It was high season for low tech,
which the government couldn't block,
but when the Net went completely down,
Telecomix brought in the big guns.
They found European service providers
that still had 20-year-old
analog dial-up access infrastructure.
They opened up 300 of those lines
for Egyptians to use,
serving slow but sweet Internet connection
for Egyptians.
This worked.
It worked so well, in fact,
one guy even used it to download an episode
of "How I Met Your Mother."
But while Egypt's future is still uncertain,
when the same thing happened in Syria
just one year later,
Telecomix were prepared with those Internet lines,
and Anonymous,
they were perhaps the first international group
to officially denounce the actions
of the Syrian military
by defacing their website.
But with this sort of power,
it really depends on where you stand,
because one man's hero
can be another's villain,
and so the Syrian Electronic Army
is a pro-Assad group of hackers
who support his contentious regime.
They've taken down multiple high-profile targets
in the past few years,
including the Associated Press's Twitter account,
in which they posted a message
about an attack on the White House
injuring President Obama.
This tweet was fake, of course,
but the resulting drop in the Dow Jones index
that day was most certainly not,
and a lot of people lost a lot of money.
This sort of thing is happening all over the world right now.
In conflicts from the Crimean Peninsula
to Latin America,
from Europe to the United States,
hackers are a force for social,
political and military influence.
As individuals or in groups,
volunteers or military conflicts,
there are hackers everywhere.
They come from all walks of life,
ethnicities, ideologies and genders, I might add.
They are now shaping the world's stage.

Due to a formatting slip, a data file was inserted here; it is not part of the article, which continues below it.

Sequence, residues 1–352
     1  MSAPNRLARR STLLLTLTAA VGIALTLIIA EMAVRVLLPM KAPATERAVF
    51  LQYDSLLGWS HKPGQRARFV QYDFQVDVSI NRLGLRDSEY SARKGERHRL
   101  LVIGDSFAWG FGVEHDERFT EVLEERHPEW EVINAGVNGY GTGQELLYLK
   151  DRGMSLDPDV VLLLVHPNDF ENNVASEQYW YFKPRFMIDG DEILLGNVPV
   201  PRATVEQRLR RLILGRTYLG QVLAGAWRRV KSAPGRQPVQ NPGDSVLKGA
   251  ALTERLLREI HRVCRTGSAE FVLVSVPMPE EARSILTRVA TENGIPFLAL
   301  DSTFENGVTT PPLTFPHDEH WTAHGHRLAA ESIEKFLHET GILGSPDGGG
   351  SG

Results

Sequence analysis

Hackers represent an exceptional force for change
in the 21st century.
This is because access to information
is a critical currency of power,
one which governments would like to control,
a thing they attempt to do by setting up
all-you-can-eat surveillance programs,
a thing they need hackers for, by the way.
And so the establishment has long had
a love-hate relationship when it comes to hackers,
because the same people who demonize hacking
also utilize it at large.
Two years ago,
I saw General Keith Alexander.
He's the NSA director and U.S. cyber commander,
but instead of his four star general uniform,
he was wearing jeans and a t-shirt.
This was at DEF CON,
the world's largest hacker conference.
Perhaps like me, General Alexander
didn't see 12,000 criminals that day in Vegas.
I think he saw untapped potential.
In fact, he was there to give a hiring pitch.
"In this room right here," he said,
"is the talent our nation needs."
Well, hackers in the back row replied,
"Then stop arresting us."
(Applause)
Indeed, for years,
hackers have been on the wrong side of the fence,
but in light of what we know now,
who is more watchful of our online world?
The rules of the game are not that clear anymore,
but hackers are perhaps the only ones
still capable of challenging overreaching governments
and data-hoarding corporates
on their own playing field.
To me, that represents hope.
For the past three decades,
hackers have done a lot of things,
but they have also impacted civil liberties,
innovation and Internet freedom,
so I think it's time we take a good look
at how we choose to portray them,
because if we keep expecting them to be the bad guys,
how can they be the heroes too?
My years in the hacker world
have made me realize
both the problem and the beauty about hackers:
They just can't see something broken in the world
and leave it be.
They are compelled
to either exploit it or try and change it,
and so they find the vulnerable aspects
in our rapidly changing world.
They make us, they force us to fix things
or demand something better,
and I think we need them
to do just that,
because after all, it is not information
that wants to be free, it's us.
Thank you very much.
Thank you. (Applause)
Hack the planet!
コツ:単語をクリックしてすぐ意味を調べられます!

読み込み中…

【TED】ケレン・エラザリ: ハッカー、インターネットの免疫系 (Hackers: the internet's immune system | Keren Elazari)

13984 タグ追加 保存
CUChou 2015 年 4 月 29 日 に公開